Ephraim Sykes Interview: ‘Ain’t Too Proud’
“We have a true love for each other,” reveals Ephraim Sykes of the cast and creative team for “Ain’t Too Proud – The Life and Times of the Temptations” now on Broadway. The actor portrays legendary tenor David Ruffin in the hit musical and was recently nominated for the Drama League Award for his performance. He praises the “synergy” and “family-like vibe” of the cast as one of the many reasons this project resonates with him. Watch the full exclusive video interview above.
From the very beginning, the pieces were in place for a harmonious experience. Sykes auditioned for the show’s initial production at Berkeley Repertory Theatre in 2017. Despite being in Los Angeles for pilot season, the actor fell in love with the script. And when he heard past collaborators Sergio Trujillo (choreographer) and Derrick Baskin (Otis Williams) were attached, “it seems like this has to happen.”
“I’ve never been somebody who really loved the spotlight,” admits Sykes. That made diving into the cocky, attention-seeking Ruffin’s skin a challenge. “I had to work to tap into not only who he is as a performer, but who he is as a man. His pain, his heartache.” The actor found similarities with the late Temptation in their religious upbringing. Both men grew up in a gospel church setting, and their similar understanding of God opened a window for Sykes to relate to Ruffin.
The gospel background also came in handy when it came time to find Ruffin’s sound. The singer had an iconic raspy tenor. It’s much different than the clear tones Sykes is used to singing in, but he understood “the growl and grit” found in Ruffin’s voice. “It’s a preaching sound,” Sykes says, and he used his knowledge of the raw emotion and shouting that comes with such a sound to “not necessarily mimic his voice, but mimic his pain.” Through this lens, the essence of David Ruffin is conjured on stage eight times a week.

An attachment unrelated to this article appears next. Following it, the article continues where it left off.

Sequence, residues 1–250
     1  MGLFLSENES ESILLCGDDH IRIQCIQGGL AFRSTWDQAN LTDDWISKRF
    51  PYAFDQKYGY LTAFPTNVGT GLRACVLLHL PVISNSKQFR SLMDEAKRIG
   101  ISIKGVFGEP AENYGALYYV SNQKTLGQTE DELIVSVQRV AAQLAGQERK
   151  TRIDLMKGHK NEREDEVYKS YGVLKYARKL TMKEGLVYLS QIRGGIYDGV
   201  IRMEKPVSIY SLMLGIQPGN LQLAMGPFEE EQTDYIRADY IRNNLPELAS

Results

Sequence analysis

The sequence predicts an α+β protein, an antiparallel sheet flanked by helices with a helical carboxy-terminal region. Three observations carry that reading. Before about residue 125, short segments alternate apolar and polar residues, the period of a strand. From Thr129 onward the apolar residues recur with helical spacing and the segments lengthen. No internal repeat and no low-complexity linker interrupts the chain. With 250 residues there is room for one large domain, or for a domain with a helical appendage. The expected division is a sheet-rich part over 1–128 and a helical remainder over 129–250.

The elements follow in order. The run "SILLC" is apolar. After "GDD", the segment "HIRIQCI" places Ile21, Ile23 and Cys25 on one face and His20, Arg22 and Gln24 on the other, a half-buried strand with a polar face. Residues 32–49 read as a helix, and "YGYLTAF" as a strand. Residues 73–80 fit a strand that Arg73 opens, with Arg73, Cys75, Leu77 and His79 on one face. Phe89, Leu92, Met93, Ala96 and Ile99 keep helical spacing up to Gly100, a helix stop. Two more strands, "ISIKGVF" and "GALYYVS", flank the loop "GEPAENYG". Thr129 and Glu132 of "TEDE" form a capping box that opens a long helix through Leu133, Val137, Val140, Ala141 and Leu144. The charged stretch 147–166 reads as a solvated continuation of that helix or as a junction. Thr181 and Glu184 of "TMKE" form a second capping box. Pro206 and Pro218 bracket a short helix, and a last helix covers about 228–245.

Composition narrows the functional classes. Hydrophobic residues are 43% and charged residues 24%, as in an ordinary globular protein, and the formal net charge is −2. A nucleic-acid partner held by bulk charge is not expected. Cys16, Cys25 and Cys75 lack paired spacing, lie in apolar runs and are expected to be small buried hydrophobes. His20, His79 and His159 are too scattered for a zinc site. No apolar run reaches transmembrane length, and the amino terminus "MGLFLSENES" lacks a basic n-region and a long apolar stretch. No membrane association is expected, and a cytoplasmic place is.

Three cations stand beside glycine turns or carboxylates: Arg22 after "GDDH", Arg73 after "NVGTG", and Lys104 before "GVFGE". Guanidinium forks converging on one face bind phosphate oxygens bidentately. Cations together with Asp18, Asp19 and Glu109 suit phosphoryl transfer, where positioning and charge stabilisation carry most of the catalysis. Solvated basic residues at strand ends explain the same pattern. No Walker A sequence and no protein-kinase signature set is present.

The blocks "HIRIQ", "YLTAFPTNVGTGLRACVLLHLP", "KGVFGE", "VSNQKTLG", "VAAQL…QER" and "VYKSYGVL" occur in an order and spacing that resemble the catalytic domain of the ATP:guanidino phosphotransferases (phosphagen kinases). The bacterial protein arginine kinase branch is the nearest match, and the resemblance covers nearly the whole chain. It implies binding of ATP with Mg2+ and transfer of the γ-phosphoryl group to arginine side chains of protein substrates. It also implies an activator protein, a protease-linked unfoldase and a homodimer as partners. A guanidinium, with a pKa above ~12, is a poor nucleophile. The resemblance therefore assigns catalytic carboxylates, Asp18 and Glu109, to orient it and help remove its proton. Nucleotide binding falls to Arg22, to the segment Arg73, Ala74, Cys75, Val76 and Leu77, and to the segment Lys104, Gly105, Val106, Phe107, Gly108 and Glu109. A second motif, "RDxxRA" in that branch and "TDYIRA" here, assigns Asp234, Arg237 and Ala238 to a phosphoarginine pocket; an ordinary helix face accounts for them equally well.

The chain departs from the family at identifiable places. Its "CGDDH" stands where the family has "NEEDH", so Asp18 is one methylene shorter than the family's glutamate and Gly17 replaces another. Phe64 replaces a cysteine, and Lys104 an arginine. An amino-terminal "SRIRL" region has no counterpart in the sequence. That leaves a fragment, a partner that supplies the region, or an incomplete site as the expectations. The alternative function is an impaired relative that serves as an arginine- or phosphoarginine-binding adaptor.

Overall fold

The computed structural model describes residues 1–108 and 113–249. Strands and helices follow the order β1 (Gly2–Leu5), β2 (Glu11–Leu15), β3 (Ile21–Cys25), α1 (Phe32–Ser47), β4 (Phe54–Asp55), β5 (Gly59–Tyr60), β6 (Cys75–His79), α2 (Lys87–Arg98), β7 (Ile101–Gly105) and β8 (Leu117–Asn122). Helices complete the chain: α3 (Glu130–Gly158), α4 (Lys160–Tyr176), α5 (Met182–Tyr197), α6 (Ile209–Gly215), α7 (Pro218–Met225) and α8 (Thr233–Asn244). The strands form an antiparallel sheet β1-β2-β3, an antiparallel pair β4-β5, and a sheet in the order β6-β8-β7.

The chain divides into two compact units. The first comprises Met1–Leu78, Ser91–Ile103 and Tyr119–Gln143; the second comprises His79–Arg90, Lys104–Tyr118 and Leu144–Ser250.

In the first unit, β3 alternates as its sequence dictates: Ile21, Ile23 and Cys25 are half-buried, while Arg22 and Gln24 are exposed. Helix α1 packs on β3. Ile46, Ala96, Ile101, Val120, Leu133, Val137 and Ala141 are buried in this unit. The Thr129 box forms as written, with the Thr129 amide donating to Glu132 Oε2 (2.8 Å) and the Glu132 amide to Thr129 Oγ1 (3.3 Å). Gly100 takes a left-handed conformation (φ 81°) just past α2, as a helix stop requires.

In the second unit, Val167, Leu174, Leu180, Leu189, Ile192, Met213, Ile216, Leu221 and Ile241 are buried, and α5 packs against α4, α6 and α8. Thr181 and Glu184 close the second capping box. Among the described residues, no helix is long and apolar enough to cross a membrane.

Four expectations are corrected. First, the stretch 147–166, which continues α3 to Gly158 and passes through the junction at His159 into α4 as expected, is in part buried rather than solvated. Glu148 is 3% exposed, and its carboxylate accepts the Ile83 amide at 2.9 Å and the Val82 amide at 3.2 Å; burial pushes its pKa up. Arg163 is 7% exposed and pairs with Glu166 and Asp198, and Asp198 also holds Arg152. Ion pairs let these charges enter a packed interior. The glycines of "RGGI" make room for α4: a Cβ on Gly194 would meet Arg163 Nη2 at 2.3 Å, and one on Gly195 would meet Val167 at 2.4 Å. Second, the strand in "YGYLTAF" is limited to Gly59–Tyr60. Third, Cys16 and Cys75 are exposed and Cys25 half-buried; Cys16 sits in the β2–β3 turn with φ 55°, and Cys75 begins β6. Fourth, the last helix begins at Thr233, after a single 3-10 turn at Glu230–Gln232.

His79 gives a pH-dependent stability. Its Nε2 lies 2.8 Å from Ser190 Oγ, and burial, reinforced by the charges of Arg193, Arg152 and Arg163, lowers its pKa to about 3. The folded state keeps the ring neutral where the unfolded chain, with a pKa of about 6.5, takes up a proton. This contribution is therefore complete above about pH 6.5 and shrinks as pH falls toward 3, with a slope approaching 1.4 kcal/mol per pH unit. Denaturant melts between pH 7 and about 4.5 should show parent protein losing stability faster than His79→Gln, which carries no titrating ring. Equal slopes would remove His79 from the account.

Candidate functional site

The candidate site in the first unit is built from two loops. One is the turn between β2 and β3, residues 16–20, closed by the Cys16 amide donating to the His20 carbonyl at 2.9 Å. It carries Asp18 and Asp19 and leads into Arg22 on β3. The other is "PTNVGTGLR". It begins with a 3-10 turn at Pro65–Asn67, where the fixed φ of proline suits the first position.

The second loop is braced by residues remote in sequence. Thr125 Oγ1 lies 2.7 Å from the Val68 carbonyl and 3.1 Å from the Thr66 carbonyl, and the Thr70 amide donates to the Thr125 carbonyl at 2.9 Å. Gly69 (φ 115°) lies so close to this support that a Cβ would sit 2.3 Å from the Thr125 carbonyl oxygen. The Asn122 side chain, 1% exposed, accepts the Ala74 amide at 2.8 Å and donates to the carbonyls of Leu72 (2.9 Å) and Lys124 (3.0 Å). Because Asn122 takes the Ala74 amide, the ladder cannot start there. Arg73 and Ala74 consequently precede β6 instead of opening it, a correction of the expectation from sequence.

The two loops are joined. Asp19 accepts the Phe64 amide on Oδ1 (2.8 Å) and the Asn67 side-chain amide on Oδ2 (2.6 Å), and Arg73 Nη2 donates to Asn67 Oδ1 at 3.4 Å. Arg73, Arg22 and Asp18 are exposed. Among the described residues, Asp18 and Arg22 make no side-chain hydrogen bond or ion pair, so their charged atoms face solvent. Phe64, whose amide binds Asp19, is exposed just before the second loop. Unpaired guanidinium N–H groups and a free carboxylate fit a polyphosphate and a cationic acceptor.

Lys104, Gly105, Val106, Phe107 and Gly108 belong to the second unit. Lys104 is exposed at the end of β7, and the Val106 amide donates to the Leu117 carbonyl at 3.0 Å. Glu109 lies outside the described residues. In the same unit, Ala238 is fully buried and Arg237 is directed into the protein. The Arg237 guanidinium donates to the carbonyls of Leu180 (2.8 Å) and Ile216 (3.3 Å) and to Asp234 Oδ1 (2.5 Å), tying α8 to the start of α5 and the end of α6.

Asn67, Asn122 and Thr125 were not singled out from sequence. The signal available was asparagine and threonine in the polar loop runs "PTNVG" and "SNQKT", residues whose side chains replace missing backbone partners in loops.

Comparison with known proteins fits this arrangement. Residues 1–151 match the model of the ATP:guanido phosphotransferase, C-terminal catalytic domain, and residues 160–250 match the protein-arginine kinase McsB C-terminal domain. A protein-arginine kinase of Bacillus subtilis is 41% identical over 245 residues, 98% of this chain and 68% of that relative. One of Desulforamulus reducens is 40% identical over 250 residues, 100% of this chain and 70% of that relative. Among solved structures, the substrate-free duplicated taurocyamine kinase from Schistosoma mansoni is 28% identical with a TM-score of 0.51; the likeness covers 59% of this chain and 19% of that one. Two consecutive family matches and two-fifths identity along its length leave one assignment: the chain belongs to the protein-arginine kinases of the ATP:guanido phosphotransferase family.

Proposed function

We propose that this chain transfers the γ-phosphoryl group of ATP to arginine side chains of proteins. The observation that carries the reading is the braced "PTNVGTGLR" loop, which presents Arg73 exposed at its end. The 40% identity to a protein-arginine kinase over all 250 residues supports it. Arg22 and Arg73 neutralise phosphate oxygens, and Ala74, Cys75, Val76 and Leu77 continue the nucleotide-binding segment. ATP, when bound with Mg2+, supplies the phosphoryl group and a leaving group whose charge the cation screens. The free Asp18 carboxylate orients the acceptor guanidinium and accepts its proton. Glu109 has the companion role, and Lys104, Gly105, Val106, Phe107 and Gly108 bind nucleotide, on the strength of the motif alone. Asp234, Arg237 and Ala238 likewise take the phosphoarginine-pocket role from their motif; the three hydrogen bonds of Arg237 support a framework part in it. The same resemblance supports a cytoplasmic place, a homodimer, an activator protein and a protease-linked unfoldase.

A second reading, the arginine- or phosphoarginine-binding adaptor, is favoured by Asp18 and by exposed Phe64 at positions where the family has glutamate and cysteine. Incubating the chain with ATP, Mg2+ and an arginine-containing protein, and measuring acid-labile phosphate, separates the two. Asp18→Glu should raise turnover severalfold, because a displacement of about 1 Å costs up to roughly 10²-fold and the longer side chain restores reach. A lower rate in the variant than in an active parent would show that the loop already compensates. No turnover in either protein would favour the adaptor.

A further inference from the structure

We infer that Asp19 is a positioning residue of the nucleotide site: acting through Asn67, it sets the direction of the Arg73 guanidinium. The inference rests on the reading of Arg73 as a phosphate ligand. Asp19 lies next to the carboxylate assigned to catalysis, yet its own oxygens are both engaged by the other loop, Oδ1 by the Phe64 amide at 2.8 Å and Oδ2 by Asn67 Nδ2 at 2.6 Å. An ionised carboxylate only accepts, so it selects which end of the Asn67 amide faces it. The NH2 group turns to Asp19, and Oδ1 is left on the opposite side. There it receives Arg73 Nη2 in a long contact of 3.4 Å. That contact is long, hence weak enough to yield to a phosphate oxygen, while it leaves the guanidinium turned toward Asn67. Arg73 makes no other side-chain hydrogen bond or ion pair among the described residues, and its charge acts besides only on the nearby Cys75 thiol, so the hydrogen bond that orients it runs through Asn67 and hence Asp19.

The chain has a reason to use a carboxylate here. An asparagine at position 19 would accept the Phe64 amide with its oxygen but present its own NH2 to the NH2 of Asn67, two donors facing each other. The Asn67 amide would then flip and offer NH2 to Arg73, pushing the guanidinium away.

“Ain’t Too Proud” has become more than just a show for Sykes. “Art always is kind of therapeutic to me,” he says, “I get to reflect on things that I’ve gone through in my life as well.” That reflection happens during an emotional send-off for Ruffin. The singer eventually succumbed to his drug addiction and died of an overdose. Sykes confesses that “it’s a dark place I have to go,” but the final goodbye is played so touchingly that he describes it as a “gratifying” moment to “encompass all that he is.”
Equally gratifying is the chance to perform alongside four other talented black actors at the helm of the musical. An unfortunate rarity. “I literally cannot remember a time when there were five black leads of a show,” says Sykes. He hopes “Ain’t Too Proud” is arriving at a time where it can add to important conversations about what types of diverse stories are needed on Broadway. For Sykes, that affects not just the creatives, but who is in the audience. “I get to look in the audience and see people who look like me” he says. “It’s special to me to feel like there’s a place in the theater where we belong. We hold space.”